If left to my natural sleep cycle, I could sleep until 1 p.m. on a Sunday afternoon without a problem. (Sleep is the best. I know there's that saying, "I'll sleep when I'm dead," but dude, I want to sleep now because it feels awesome. Not sleeping will just shorten my lifespan, or make me go insane.) But if Adelyn hadn't made me haul my lumpy self out of bed at 10 a.m. last Sunday to meet up at 88 Palace for dim sum, I would've wasted a great deal of what ended up being a funner-than-average Sunday. So. Sometimes waking up before noon can be a good thing.
Our plan was to grab dim sum with Diana and a few of Adelyn's friends before checking out the Chinese New Year parade on Mott Street. Unfortunately, Diana fell sick the night before and didn't feel up to a dim sum lunch, and most of Adelyn's friends were only half-conscious by the time we were sitting at 88 Palace. Dim sum is best eaten by large groups—extended Chinese families and the like—definitely not by a party of two considering that many dishes come with three or more pieces. Luckily, Adelyn's friend Omar eventually showed up to help us eat. A rundown of the dishes:
Roast pork steamed buns: Super soft, fluffy steamed bread filled with sweet, fatty roast pork chunks. Although it's not a favorite of mine, it feels like one of those dim sum staples you have to get.
Lotus seed paste steamed buns: These buns were unfortunately not as awesomely soft and fluffy as the steamed pork buns—I prefer when the bun just melts into the filling. But I did like the ample blop of sweet filling.
Rice noodle rolls with shrimp: Oh yessss, my beloved rice noodle roll. The rolls were smaller than average, but the shrimps were quite large and plump.
Taro puff: There's probably a better name for these lumps of mashed taro mixed with (methinks) pork bits, breaded in a light, lacy batter and deep fried. It's sort of like a potato croquette...but with taro. I don't know how to describe taro to people who've never had it before—slightly sweet than a regular potato? But not as sweet as a sweet potato? Purple? Denser? Somethin-somethin?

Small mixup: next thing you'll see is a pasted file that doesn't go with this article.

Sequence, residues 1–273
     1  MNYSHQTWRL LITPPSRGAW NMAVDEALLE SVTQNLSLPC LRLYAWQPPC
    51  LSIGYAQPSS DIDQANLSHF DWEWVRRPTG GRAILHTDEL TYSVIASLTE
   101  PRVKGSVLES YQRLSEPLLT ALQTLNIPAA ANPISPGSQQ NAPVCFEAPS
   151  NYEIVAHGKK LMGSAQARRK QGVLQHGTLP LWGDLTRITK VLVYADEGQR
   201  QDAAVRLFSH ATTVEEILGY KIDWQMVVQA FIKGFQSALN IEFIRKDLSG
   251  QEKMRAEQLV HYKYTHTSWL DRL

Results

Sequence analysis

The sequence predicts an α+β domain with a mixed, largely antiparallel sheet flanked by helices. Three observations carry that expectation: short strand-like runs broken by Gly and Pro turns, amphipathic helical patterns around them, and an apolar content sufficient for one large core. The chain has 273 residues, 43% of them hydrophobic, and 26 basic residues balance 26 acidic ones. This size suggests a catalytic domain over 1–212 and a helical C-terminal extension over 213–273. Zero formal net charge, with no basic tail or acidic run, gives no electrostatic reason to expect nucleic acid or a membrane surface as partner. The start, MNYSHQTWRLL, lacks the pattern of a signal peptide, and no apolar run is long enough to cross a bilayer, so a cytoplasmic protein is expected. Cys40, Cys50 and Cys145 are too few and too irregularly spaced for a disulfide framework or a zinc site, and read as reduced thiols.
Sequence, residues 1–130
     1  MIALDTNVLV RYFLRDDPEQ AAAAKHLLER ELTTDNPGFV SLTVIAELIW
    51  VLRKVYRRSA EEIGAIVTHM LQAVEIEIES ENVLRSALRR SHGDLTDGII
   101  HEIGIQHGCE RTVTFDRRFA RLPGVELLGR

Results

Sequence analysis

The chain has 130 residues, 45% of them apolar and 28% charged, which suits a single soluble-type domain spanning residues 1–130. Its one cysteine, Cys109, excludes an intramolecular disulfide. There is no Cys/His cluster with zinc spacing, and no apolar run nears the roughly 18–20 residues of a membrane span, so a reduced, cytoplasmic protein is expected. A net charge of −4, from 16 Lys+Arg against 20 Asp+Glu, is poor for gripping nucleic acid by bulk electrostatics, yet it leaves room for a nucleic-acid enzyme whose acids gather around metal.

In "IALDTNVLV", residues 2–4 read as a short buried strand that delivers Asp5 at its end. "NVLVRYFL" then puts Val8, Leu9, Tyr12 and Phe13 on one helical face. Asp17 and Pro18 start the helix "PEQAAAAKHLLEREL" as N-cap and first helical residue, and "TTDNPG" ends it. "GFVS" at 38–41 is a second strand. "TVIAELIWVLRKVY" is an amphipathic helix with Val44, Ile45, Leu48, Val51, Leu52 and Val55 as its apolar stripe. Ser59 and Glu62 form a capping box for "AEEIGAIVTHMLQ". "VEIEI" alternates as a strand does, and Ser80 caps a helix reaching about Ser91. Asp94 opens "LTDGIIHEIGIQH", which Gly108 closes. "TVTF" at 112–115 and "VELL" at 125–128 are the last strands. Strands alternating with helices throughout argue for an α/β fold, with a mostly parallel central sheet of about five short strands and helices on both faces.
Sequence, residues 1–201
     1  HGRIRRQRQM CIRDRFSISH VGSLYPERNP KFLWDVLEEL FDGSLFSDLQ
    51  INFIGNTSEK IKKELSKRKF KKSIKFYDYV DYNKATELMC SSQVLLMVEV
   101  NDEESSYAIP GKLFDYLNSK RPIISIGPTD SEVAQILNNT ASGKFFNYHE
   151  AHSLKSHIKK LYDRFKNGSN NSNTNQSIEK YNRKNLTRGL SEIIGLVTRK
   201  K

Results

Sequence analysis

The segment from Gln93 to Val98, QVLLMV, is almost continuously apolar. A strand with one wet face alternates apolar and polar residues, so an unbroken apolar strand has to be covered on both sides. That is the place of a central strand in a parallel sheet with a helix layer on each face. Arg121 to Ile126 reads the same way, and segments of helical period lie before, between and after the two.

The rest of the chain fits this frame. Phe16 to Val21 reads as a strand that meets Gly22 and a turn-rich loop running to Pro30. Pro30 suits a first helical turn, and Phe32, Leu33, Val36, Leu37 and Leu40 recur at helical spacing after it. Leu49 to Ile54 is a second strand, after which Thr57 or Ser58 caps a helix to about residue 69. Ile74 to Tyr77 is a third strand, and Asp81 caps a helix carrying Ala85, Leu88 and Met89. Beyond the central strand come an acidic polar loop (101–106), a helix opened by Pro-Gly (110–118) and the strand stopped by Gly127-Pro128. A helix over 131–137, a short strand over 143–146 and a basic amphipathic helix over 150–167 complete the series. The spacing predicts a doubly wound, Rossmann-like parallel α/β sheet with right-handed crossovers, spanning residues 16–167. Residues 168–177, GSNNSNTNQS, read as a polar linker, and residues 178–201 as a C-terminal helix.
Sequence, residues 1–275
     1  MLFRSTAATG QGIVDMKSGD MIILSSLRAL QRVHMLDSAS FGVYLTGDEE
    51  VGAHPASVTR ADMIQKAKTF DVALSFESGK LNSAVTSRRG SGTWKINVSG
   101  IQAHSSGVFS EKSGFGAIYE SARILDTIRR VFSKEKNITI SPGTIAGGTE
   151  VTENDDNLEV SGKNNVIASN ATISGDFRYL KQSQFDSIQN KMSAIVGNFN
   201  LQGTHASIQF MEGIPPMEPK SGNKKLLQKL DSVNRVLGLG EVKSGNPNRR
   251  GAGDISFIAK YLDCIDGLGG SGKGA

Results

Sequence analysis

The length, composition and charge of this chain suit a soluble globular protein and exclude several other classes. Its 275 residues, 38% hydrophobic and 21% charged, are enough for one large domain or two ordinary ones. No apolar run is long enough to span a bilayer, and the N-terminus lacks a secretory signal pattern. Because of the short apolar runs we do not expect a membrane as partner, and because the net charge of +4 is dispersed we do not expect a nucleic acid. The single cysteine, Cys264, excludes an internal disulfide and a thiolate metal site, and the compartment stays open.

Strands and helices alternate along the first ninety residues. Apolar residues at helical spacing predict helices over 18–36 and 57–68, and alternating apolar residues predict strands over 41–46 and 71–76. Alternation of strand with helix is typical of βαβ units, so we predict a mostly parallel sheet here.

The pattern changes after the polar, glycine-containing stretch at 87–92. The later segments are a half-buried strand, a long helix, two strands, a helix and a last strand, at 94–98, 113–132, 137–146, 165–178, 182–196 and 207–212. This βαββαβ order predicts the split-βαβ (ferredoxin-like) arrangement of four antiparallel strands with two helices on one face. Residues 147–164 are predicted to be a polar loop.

Siu mai: These pork, shrimp, and mushroom dumplings were...okay. Admittedly, not being much of a fan of siu mai, I'm probably not the best judge.
Gai-lan (Chinese broccoli): Because in the face of meaty dumplings, you could use a vegetable. (These may have been topped with some sort of seasoned chopped meat stuff, though—see the little brown bits on top? Whatever it was, it tasted meaty and umami-filled.) I like the combination of crunchy stems and soft leaves.
Custard-filled steamed buns: Ahhh, more sweet bun goodness. Unlike the lotus seed buns, the bread in these was soft and fluffy and seamlessly gave way to the custard center. I prefer my custard oozing, but non-oozing tastes good too.
Mini egg custard tarts: One of my most favorite things to eat in the whole world, dim sum or otherwise. These bite-sized tarts had a light flaky crust filled with soft, eggy custard. I love you, egg custard tart...I love youuuu...
The Chinese New Year Parade
After dim sum, we met up with two of Adelyn's friends and a recovered Diana to check out the Chinese New Year parade on Mott Street. Out of my six-ish years of living in New York City, It was the first time I actively tried to go. And now that I've gone once, I'm alright with never going again. Admittedly, the crappy view behind two rows of people probably didn't help.